Marijuana is legal for medical purposes in 29 American states, but doctors lack the expertise and knowledge about using weed for therapeutic purposes and hesitate to prescribe marijuana-based treatment, says a recent survey.
The study involving curriculum deans from 101 colleges reported graduates’ unpreparedness to accept medical marijuana as an effective way to treat Americans for a number of health disorders. Most of them were unable to answer questions related to the medicinal use of marijuana.
The scenario was no less different amongst medical residents and fellows from across the country. They were just as much in the dark like others. Of the 258 medical residents surveyed, nine out of 10 stated their unwillingness to prescribe marijuana. An overwhelming 85 percent of the respondents said that they had received no education regarding the use and side effects of weed. Concerned about the grim reality of health care industry, senior author Dr. Laura Jean Bierut, a professor of psychiatry at the Washington University School of Medicine in St. Louis, said, “Medical education needs to catch up to marijuana legislation.”
The antipathy toward medical marijuana became all the more serious as the study progressed. Not only graduates, even medical colleges rarely talk about marijuana. According to the Association of Medical Colleges, only 9 percent medical schools taught their students about medical marijuana. Commenting on the mismatch between state laws regarding medical marijuana and the training provided to future physicians, study author Anastasia Evanoff said, “We talk about how those drugs can affect every organ system in the body, and we learn how to discuss the risks and benefits with patients. But if a patient were to ask about medical marijuana, most medical students wouldn’t know what to say.”
Medical and recreational marijuana
Some of the conditions for which medical marijuana can be used are:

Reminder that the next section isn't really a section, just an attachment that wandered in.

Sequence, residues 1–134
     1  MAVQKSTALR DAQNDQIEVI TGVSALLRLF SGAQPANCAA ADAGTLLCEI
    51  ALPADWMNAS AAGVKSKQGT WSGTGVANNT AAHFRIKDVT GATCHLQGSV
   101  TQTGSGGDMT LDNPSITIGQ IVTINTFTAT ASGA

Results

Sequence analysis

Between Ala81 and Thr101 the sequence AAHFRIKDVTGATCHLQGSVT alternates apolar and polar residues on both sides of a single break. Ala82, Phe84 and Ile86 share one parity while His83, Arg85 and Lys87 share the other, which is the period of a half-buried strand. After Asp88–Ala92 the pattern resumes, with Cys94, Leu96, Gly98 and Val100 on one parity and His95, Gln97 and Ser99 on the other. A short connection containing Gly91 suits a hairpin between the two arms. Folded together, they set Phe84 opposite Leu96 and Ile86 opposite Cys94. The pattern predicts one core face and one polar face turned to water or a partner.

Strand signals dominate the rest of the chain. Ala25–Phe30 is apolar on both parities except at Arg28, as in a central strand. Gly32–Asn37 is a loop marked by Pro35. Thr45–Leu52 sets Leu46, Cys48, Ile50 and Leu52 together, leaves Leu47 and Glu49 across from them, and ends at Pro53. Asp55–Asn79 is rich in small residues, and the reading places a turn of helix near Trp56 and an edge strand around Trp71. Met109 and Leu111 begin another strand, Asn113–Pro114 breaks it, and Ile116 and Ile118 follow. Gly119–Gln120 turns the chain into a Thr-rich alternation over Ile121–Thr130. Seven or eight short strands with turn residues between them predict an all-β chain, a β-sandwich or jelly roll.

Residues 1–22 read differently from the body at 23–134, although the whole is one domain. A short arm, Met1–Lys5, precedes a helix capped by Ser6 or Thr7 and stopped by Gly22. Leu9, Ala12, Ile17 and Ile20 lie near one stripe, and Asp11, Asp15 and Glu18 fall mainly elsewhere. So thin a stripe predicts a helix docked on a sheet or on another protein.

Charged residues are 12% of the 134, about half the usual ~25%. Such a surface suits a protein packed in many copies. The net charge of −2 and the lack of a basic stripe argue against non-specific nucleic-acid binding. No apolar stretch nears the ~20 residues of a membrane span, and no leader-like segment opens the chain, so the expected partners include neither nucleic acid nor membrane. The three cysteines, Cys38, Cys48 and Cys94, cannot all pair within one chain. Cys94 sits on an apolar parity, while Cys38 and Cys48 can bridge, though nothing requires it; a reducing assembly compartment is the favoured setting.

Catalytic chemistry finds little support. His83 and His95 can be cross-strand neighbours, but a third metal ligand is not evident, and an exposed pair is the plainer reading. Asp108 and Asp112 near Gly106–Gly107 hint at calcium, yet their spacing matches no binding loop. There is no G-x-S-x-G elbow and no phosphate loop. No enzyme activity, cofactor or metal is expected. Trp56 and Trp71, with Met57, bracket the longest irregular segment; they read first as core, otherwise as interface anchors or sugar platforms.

- epilepsy and seizures
- inflammatory bowel disease
- cancer, particularly, nausea one feels after chemotherapy session
- multiple sclerosis
- chronic pain
Some people consider marijuana as a gateway drug that precedes the use of other illicit substances. Past research suggests that those who use marijuana during early stages of their life are likely to develop alcohol use disorder. It disrupts the reward centers of the brain, affecting memory, learning and other significant abilities. Sometimes, the structural and functional changes can cause irreversible damage.
There is a huge difference between marijuana that is used for the purpose of medication, and the one that is obtained illegally from a vendor on the street and more often used to get a high. An important factor contributing to the difference between the two is the ratio of cannabidiol (CBD) and Delta-9 tetrahydrocannabinol (THC). Both CBD and THC have cannabinoid elements, but the effects of these on the brain receptors are different. While THC causes one to have a psychedelic high, CBD reverses many of the harmful impacts of THC. There is also a vast difference in the ratios of CBD and THC in medical and illegal marijuana; the latter has very low CBD and THC ratio, as it is primarily concerned with maximizing the euphoric effects, while medical marijuana’s primary purpose is to alleviate pain.
When it comes to marijuana, one should be extremely careful with its use. Reckless practices and lack of supervision can be harmful. Although marijuana is considered a relatively safer drug, it is still associated with several short-term and long-term adverse effects.
Hooked Sober is a source of information on drugs, alcohol, eating disorders and mental disorders. Please send your questions, concerns or comments to [email protected] or speak to a representative at 866-838-4087.